In the previous chapter, we considered how the neoliberal-imperial-institutionally-racist university constrains and lashes back against those engaged in anti-racist scholar-activism. Exploring how anti-racist scholar-activists find ways to survive and navigate the abrasive terrain of higher education (HE), we also insisted that the university is not a monolith but rather an assemblage of contradictory and competing forces which give rise to pockets of possibility that we might exploit.
Throughout this book, we have shown that the dominant logics of the neoliberal-imperial-institutionally-racist university are often antithetical to anti-racist scholar-activism – that is to say, higher education (HE) institutions are active reproducers of the very inequalities and injustices that scholar-activists seek to challenge. Despite our dissent both inside and outside of the university, our employment and participation within the academy means that we are implicated in those injustices: we are complicit. This may be an uncomfortable
Opposition to anti-racist scholar-activism within the academy
Remi Joseph-Salisbury and Laura Connelly
As we have shown in previous chapters, the values and orientations of those engaged in anti-racist scholar-activism are starkly different to – if not fundamentally oppositional to – those of the neoliberal-imperial-institutionally-racist university. After all, scholar-activism involves recognising that ‘what is best for your department is not necessarily best for humankind’.
The explicitly political, radical scholarship and praxes of anti-racist scholar-activism can situate us in mutually
Through the concerns of participants, the previous chapter began to show that anti-racist scholar-activism describes a form of praxis that is characteristically distinct from traditional approaches to working in academia. Building on these foundations, this chapter looks more closely at what governs, and therefore distinguishes, anti-racist scholar-activism. By drawing upon Sivanandan's notion of working in service ,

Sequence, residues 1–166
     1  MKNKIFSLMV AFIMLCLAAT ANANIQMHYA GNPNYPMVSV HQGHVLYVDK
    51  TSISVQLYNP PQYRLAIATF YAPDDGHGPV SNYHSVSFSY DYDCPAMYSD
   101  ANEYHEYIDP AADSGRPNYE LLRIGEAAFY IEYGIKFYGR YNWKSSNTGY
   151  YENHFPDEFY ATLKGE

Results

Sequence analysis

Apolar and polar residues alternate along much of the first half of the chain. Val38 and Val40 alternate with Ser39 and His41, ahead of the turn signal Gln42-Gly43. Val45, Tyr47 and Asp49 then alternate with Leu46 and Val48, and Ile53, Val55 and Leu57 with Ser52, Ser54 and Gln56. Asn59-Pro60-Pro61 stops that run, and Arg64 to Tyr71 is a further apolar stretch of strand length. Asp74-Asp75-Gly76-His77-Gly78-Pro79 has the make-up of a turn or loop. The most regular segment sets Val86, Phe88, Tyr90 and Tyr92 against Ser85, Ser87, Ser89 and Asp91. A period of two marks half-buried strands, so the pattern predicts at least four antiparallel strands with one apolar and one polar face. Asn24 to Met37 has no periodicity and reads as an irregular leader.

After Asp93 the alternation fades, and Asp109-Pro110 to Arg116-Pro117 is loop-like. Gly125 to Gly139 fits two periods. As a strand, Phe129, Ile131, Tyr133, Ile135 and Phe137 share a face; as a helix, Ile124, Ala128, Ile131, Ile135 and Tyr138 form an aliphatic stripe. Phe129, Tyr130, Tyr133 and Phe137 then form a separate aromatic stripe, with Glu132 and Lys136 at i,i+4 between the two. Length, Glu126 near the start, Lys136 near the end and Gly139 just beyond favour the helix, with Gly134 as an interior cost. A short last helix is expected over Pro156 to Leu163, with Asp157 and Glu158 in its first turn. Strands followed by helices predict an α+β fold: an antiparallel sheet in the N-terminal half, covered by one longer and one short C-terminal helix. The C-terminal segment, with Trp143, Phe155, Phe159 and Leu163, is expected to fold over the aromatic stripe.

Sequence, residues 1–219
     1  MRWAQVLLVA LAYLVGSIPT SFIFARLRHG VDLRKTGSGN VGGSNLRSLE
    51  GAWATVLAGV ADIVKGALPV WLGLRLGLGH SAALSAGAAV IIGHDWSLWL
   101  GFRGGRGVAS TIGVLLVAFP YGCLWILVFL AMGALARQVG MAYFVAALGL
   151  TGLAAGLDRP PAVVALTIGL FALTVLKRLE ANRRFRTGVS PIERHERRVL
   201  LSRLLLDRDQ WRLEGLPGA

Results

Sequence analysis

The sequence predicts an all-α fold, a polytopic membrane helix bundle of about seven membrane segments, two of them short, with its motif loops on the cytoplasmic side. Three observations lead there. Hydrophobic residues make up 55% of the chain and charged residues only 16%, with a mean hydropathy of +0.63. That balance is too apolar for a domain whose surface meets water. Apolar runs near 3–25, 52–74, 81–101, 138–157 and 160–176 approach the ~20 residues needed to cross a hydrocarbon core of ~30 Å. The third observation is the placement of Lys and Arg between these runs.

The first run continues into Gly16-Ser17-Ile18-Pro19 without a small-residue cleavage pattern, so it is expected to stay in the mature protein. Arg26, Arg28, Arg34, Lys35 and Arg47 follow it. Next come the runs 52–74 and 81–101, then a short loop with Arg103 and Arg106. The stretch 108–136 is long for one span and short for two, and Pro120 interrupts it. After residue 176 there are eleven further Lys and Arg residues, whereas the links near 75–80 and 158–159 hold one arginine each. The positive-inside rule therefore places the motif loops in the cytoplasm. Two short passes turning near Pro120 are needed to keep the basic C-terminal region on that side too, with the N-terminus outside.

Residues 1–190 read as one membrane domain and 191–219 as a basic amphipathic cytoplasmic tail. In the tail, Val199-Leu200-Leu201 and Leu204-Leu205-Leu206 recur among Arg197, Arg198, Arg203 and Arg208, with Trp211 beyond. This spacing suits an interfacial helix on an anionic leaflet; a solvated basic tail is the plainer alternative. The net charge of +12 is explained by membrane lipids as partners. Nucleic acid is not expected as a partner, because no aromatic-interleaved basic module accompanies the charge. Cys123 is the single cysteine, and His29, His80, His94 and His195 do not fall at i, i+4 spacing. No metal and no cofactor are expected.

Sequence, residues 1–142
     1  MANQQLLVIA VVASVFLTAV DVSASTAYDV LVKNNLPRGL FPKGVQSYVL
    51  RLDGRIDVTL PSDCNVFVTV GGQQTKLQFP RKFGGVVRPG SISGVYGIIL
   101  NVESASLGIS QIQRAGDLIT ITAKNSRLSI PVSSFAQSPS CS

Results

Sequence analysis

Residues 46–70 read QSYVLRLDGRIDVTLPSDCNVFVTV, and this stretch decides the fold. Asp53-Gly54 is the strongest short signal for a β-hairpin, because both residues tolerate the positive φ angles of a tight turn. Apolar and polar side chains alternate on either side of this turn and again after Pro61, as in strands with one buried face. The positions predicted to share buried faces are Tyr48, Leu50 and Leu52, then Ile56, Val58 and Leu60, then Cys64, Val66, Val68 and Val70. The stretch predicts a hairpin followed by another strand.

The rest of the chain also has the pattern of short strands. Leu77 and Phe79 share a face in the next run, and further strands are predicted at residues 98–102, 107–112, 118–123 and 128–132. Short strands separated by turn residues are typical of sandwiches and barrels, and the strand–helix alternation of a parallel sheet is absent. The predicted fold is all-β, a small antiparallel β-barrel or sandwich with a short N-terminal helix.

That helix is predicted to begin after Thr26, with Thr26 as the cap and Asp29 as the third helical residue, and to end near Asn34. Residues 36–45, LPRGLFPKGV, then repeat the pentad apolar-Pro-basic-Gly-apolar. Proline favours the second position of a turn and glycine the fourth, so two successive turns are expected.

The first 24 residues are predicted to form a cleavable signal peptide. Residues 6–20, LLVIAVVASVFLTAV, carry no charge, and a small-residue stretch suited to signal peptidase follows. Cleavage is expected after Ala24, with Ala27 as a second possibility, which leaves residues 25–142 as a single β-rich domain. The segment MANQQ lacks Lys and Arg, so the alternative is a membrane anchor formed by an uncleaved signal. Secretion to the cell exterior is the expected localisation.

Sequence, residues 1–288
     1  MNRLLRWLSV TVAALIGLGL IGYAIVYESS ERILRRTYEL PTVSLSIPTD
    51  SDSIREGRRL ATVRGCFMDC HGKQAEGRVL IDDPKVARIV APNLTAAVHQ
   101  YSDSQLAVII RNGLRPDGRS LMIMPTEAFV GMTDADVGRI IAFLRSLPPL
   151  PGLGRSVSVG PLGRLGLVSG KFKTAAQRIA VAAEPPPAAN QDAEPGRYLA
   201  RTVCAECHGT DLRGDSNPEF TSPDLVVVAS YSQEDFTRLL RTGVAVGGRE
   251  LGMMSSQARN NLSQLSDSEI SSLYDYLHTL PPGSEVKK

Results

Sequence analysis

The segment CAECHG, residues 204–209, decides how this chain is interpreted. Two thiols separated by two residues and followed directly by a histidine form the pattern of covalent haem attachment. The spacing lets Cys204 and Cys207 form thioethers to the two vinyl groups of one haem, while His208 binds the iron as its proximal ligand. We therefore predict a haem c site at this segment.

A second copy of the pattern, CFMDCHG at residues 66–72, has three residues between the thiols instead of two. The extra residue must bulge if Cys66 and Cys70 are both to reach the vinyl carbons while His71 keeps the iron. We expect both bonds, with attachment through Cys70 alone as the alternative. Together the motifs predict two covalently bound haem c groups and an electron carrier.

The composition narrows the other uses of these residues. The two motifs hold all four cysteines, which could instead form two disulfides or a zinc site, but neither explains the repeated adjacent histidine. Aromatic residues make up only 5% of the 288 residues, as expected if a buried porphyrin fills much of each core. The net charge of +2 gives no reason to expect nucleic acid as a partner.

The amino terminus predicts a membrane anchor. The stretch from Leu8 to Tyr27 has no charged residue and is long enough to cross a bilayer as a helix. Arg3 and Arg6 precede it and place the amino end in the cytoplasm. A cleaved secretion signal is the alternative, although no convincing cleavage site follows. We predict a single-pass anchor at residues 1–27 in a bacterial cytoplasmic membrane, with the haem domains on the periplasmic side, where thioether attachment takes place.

we show how the orientation of those engaged in anti-racist scholar-activism
In the previous chapter, we set out an orientation for anti-racist scholar-activism that is governed by the notion of working in service to communities of resistance,
and to the broader project of anti-racism. For the purposes of this chapter, we want to set the praxes of servicing against the backdrop of two coordinates. On the one hand, we have the relative lack of wealth and resources in communities of resistance, whilst on the other, we have the significant wealth and resources of the
Hannah Jones, Yasmin Gunaratnam, Gargi Bhattacharyya, William Davies, Sukhwant Dhaliwal, Emma Jackson, and Roiyah Saltus
steps could be taken to address some of the challenges outlined above? What
would you do differently?
Whose ‘voice’ is heard in the dissemination of research
findings? What must be considered when producing multi-voiced research? What
are some of the power dynamics at play?
Geographies Collective ( 2010 ) ‘ Beyond scholaractivism: Making strategic interventions